Study: Fracking may Increase Asthma Flare ups by 50%
Though the link is not a solid one
A new study, published in the Journal of the American Medical Association (JAMA), suggests that fracking may contribute to higher instances of asthma. It was recently found that those who lived near fracking sites had a more difficult time controlling their asthma than those who did not.
While the study involved 35,000 people living with asthma, the journal stated that the sample size was too small and that it is not proof of an effect at this time. Further studies will be conducted to attempt to find a correlation.
During the study, doctors at the Geisinger Clinic in Pennsylvania reviewed tens of thousands of asthma patient files in more than 35 counties around the state from 2005 to 2012. Early in the study was during a time when fracking in the state became the norm, making this period rife for study.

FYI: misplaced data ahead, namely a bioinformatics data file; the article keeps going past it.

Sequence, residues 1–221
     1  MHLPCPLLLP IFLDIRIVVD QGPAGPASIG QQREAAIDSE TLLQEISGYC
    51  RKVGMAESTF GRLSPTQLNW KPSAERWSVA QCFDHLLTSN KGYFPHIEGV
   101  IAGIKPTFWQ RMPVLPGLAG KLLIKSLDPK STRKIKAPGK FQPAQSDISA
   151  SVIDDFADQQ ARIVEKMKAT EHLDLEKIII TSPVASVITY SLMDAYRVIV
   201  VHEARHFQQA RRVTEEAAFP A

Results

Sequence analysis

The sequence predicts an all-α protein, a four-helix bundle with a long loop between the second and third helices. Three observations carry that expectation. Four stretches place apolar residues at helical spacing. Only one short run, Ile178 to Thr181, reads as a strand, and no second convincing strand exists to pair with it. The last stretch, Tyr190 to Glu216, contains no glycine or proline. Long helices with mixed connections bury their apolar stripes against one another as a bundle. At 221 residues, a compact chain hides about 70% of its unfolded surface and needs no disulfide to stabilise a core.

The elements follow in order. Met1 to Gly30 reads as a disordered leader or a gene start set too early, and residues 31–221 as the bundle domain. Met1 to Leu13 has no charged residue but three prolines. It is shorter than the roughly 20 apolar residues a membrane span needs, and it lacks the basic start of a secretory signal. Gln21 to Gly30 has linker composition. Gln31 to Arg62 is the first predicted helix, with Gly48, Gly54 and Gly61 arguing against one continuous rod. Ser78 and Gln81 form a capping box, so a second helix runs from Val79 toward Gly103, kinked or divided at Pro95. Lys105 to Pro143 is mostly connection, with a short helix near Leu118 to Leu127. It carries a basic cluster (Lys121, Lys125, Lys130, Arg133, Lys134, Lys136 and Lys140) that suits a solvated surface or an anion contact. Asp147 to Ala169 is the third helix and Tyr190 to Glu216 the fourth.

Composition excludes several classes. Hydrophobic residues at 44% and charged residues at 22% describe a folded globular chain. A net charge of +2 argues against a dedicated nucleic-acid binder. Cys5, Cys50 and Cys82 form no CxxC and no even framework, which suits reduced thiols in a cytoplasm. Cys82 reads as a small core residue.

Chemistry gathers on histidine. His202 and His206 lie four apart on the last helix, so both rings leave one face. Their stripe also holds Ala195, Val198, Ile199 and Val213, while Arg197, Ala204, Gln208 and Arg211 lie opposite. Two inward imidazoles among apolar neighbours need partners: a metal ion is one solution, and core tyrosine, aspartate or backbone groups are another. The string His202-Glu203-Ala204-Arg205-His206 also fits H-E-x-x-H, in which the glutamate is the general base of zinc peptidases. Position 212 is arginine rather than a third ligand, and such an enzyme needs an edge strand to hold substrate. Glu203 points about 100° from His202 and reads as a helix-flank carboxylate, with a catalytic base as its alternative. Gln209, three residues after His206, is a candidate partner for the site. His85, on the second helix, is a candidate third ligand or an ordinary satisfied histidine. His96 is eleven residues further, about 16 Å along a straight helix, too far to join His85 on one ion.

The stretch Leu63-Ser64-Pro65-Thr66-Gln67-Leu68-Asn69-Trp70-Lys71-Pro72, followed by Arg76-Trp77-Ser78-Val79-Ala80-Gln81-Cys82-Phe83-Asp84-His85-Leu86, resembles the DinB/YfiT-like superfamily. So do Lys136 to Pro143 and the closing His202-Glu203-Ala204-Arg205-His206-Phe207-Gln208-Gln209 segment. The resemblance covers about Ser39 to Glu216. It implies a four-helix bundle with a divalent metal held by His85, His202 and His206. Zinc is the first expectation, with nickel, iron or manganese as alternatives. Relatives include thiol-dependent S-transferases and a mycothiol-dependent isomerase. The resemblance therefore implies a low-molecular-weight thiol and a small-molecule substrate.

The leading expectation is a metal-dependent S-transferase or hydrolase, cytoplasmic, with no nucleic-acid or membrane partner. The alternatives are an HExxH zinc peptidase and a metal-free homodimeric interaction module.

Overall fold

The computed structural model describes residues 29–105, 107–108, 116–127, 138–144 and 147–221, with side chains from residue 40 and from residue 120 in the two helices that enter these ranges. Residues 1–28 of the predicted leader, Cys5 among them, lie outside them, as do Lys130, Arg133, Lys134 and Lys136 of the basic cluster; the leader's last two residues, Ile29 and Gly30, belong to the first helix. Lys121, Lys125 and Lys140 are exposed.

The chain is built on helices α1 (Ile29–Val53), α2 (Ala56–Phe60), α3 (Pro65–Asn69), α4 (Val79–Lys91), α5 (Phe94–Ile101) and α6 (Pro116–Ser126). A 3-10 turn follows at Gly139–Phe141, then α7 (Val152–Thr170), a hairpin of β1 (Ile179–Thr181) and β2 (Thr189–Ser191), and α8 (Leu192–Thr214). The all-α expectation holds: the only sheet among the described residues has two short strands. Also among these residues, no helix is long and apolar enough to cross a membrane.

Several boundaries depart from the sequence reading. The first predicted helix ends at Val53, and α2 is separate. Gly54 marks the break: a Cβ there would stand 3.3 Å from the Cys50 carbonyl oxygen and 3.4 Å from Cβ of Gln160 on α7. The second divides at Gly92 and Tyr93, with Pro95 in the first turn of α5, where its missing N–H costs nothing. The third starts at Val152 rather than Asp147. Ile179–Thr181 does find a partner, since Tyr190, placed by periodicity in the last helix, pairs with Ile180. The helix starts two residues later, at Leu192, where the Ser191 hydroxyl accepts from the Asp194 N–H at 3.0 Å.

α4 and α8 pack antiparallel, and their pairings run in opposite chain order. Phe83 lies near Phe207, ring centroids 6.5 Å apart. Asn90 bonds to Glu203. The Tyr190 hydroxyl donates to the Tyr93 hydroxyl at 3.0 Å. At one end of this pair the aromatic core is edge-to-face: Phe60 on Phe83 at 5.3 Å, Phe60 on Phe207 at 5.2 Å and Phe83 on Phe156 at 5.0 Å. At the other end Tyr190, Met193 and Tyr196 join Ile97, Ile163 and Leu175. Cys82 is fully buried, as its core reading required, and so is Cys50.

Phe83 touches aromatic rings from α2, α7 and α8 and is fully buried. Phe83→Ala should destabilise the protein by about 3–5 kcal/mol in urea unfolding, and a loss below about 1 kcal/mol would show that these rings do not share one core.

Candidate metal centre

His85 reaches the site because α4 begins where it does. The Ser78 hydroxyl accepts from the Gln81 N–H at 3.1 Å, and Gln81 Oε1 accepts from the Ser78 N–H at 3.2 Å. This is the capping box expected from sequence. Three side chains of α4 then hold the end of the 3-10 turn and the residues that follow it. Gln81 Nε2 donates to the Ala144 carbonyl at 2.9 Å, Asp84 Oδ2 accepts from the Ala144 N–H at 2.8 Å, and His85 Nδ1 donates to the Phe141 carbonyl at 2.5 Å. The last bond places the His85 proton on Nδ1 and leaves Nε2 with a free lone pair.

The research found that asthmatics living near bigger wells were 50 percent more likely to have an asthmatic flare up than those who lived further away, especially during the preparation stage of the fracking site.
During the production stage, or when the fracking site was most active, they were four times as likely to have a mild flare. A mild flare, in this study, was defined as needing new drugs to help control symptoms, but not a trip to the emergency department.
Dan Murphy, who works at Asthma UK and was not involved in the study, said:
“Asthma is a complex condition affecting one in 11 people in the UK, yet years of research underfunding means it still remains a relative mystery.
While this study suggests that living near fracking industry wells may increase risk of an asthma attack, more research is needed to get a clearer picture of the connection between the two and the impact on people with asthma.”
The study, however, was limited as it only used the participant’s address at the time they registered at the clinic. It did not account for moving or where the patients worked, as working closer to a fracking site could contribute to worsening of the condition.
While researchers say that this does not prove a link between fracking and asthma, it is worth exploring further.
Anna Scanlon is an author of YA and historical fiction and a PhD student at the University of Leicester where she is finishing her degree in modern history.